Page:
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Customer Communication Is a Key Component of Emergency Response

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Karen Marcus's picture
Freelance Researcher and Writer Final Draft Communications, LLC

In addition to serving as an Energy Central Community Manager, Karen Marcus has nearly 25 years of experience as a content developer within the energy and technology industries. She has worked...

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When a storm hits and customers lose power, utility companies make restoring service their number-one priority, diverting all available resources to getting customers back online as quickly as possible. Naturally, this is what customers want. But, there’s something else they want that utilities may overlook: clear communication about what’s happening.

While sending out updates may sometimes seem unnecessary, especially when you don’t yet have all the information about when power will be restored, not doing so can alienate customers and diminish their positive customer experience with your company.

Develop a Plan

As with most emergencies, the best approach is to make a plan before it happens. Take the time to work out a communication strategy that can be deployed during outages. Take into consideration four main components: what customers will want to know, how they will want to access information, what they should do if they have questions that aren’t answered by your messages, and who will be responsible for each messaging component.

What they want to know could include items like:

  • What caused the damage
  • How widespread the damage is
  • What is being done to repair the damage
  • How long repairs are expected to take
  • How to submit questions or express concerns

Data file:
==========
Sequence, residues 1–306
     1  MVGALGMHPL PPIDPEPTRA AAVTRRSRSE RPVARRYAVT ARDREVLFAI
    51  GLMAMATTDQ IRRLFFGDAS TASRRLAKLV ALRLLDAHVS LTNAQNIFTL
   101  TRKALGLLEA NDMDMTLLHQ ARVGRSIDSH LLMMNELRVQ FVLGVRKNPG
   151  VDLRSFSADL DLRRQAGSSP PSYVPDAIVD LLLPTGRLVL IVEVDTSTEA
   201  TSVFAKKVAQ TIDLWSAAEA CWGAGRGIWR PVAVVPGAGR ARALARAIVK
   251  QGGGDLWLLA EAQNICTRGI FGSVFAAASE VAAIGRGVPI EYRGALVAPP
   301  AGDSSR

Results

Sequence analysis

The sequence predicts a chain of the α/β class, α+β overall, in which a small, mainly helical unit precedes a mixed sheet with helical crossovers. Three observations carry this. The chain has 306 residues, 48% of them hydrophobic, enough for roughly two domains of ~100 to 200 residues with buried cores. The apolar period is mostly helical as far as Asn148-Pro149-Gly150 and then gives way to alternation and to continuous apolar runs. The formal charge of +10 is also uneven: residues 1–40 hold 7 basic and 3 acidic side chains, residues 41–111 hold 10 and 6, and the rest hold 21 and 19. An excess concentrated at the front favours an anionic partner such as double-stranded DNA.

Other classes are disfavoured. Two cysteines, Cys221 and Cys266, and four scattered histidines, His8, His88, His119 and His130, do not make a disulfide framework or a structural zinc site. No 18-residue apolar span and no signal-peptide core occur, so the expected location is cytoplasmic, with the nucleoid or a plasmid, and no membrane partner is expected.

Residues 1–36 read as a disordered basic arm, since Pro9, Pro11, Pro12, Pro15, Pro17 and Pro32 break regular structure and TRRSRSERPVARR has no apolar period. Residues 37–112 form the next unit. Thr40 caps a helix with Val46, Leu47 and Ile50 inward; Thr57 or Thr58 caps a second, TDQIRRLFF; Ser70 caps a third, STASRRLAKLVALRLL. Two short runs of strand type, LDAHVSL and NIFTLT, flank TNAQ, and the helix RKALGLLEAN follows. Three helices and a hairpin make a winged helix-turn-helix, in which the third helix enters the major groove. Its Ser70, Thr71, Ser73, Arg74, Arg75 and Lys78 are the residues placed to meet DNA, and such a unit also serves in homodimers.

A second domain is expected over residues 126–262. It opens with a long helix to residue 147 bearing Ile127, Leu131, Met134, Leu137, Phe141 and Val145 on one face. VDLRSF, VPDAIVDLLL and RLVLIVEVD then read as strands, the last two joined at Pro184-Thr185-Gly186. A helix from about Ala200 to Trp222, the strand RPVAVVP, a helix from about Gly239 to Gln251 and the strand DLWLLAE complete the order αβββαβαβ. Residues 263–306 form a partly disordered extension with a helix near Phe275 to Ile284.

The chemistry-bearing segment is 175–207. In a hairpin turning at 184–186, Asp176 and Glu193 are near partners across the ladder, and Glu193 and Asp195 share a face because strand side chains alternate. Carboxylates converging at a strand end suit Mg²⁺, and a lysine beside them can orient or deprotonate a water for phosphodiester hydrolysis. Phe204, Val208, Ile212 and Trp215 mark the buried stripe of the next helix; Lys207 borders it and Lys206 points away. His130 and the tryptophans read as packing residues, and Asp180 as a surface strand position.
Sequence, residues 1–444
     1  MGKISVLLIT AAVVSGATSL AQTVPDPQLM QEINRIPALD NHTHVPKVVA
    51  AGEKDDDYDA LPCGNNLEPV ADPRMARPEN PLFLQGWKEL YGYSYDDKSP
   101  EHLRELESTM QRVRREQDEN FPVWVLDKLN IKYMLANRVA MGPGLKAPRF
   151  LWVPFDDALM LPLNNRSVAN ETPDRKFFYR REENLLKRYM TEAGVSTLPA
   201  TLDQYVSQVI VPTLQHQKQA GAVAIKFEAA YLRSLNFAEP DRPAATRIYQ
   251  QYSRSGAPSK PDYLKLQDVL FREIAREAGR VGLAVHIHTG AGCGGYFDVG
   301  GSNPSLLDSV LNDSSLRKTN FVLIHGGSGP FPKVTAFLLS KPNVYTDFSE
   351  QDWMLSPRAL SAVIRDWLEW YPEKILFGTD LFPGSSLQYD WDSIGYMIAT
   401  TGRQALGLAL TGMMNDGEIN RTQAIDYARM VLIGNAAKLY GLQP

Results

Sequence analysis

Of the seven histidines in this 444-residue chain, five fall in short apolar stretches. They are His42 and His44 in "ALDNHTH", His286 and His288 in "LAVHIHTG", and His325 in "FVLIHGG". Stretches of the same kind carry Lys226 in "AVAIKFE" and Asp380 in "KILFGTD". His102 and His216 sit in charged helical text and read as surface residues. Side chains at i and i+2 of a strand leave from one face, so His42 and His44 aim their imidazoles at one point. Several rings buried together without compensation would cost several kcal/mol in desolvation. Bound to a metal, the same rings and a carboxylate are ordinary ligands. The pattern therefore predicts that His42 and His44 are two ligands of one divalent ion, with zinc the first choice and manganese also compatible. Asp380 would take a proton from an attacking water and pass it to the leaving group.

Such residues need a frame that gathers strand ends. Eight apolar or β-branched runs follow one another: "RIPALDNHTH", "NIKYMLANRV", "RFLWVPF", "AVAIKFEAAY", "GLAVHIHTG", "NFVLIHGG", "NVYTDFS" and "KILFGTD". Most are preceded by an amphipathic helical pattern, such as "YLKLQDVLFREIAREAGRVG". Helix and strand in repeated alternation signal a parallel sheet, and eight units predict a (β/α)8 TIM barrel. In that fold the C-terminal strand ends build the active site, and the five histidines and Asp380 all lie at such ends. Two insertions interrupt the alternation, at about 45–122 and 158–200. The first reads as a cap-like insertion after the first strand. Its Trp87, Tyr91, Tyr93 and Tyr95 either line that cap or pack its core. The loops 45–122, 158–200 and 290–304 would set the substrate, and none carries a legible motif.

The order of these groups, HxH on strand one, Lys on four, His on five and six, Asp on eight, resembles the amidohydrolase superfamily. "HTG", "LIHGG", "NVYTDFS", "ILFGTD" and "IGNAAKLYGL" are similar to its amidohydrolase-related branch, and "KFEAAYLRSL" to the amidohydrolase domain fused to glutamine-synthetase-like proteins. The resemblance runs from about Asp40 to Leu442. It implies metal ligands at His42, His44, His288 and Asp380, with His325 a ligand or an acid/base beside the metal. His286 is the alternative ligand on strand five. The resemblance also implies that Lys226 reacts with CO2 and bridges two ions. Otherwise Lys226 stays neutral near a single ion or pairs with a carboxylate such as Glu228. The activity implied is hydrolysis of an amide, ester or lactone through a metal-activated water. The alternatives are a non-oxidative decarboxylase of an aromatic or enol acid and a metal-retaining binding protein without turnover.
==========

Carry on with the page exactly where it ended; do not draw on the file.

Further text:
Access to information could be via email, through your website or app, on social media, or with voice mail alerts. It’s also critical to put out a press release or otherwise inform the media, since that’s another outlet that customers might be looking for information from. The more channels of communication, the better, since customers will have different habits for where they like to get information. When planning this stage you may come across areas that need to be developed such as a voice mail alert system.

The plan should also include the people responsible for each element of the communication process. It could be one individual who creates a press release, posts on Twitter and Facebook, and responds to email inquiries. Or it could be multiple people. The specific arrangement will depend on the size and skills of your staff and the size of your customer base.

Communicate Early and Often

Even if you don’t yet know all the details listed above, send out alerts to let customers know what you do know, and to reassure them you’re doing everything you can to find out more and to get the issue resolved. To avoid broken promises or misleading statements, use phases like, “Here’s what we know now,” or, “This situation is unfolding, and we’ll provide updates as they occur.” Avoid using specifics in terms of when power will be restored; instead refer to broad timeframes such as “a matter of hours.”

Jessica Porter, writing for American Public Power Association, states, “During outages, utilities should provide frequent updates through social media and the web, even if it’s just to say crews are still working on the issue. Communicate what you know and don’t know, what you’re doing to resolve the issue, and how you’re finding information — be honest and transparent.”

Of course the best communication starts well before an emergency even happens. Customers who see that your company cares under normal circumstances will be more likely to turn to and trust your messaging efforts during a storm. So, while you’re developing a storm communications plan, take the opportunity to also review your business-as-usual plan. Use all the same tools (email, social media, your website or app, and the media) to share information about how you’re meeting energy efficiency goals and helping customers do the same, as well as other topics that are important to your customers and your community.


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